Life is a cycle and a spiral.
My son's best friend, Christopher, had a sledding accident. He hit a tree, face first. His mom dialed 911 right away. The ambulance crew immobilized him, and took him to Sacred Heart. The staff ran a lot of tests on Christopher, and they were concerned about his first vertebra for a while. But other than bruising and swelling, he is okay. The right side of his face is puffed up like a balloon, his eye swollen shut.
I can only imagine what Angela, his mom, was going through as she sat those 6 hours in the emergency room. Christopher is her only child. She and his dad had an unpleasant divorce, and things are still messy. He is not much in his child's life. Her family lives in Seattle.
Old feelings come roiling up in me. Last Christmas Eve (was it only a year ago?), Chris and Ross and I went sledding in that same park. I was sledding in an area that was far more dangerous than where Christopher was. I hit a telephone pole, backwards. I could stand up, but I had shooting pains and thought I'd broken my hip or thighbone. Chris drove the Jeep to me, took me to Sacred Heart. I don't remember how long we were there. My son had to sit and wait while his mom went through a bunch of tests. I had broken the knobs on the right sides of four vertebrae (lumbar 1 through4). Nothing to do but take pain killers and rest.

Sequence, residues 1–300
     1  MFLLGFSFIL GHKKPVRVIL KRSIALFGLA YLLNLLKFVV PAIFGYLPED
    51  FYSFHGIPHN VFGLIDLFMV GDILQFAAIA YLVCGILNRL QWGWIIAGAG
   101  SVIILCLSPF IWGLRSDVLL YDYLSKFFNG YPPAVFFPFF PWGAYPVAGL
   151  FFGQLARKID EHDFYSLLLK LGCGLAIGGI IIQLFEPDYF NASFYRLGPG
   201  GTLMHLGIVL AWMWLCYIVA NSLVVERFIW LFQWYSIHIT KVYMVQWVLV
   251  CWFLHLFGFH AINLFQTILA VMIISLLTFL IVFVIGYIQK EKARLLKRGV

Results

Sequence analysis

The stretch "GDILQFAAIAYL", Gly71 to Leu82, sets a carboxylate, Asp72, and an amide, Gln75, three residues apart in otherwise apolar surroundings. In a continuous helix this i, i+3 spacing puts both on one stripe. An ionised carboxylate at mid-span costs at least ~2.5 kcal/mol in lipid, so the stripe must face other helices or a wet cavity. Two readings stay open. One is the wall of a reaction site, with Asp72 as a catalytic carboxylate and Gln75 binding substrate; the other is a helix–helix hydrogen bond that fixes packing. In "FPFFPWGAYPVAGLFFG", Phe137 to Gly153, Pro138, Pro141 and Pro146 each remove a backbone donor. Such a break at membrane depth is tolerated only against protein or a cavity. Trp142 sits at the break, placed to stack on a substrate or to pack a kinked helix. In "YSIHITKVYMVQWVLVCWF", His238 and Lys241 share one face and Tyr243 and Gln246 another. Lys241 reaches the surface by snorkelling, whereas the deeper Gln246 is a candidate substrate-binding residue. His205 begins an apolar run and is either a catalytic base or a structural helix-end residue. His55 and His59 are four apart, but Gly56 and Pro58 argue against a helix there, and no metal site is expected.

The doctors told me that this was an injury that you only saw from direct impacts. Car crashes, baseball bats, professional bull riders. I certainly had times when I felt like I'd been stomped on by a bull. I wouldn't wish it on anyone. I wondered if I was going to be fully functional again.
Thank God, I am now mostly healed. I occasionally have a little pain, especially if I sit in bad chairs for too long. And I know that my body continues to heal. As do my emotions. But I feel the tears quicken when I think of Christopher. I wouldn't wish it on anyone.
This summer I visited "my" telephone pole a couple of times. I could find no trace of where I'd hit -- not even a dent. I'm still making my peace with it. Even saying "thank you" for the things I've learned on this journey, after our run-in.
I've yet to go sledding, though -- time and weather haven't cooperated yet. But I will go. There is such joy in that mad dash through the snow. I embrace the joy, not the fear. And I hope that Ross and Christopher and Angela and I can go sledding together some day soon.